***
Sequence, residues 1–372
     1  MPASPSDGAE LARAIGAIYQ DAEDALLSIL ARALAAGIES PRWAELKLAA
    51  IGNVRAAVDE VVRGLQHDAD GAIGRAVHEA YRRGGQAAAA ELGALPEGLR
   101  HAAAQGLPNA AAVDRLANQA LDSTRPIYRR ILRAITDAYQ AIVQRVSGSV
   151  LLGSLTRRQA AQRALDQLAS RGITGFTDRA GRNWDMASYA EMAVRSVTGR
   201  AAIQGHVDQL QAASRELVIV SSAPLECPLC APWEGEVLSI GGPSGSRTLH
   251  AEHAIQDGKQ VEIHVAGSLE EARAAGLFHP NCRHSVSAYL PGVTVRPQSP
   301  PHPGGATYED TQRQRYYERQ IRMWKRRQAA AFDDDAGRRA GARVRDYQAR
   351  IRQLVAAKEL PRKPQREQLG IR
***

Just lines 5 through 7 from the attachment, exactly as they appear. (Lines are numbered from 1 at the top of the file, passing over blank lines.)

   151  LLGSLTRRQA AQRALDQLAS RGITGFTDRA GRNWDMASYA EMAVRSVTGR
   201  AAIQGHVDQL QAASRELVIV SSAPLECPLC APWEGEVLSI GGPSGSRTLH
   251  AEHAIQDGKQ VEIHVAGSLE EARAAGLFHP NCRHSVSAYL PGVTVRPQSP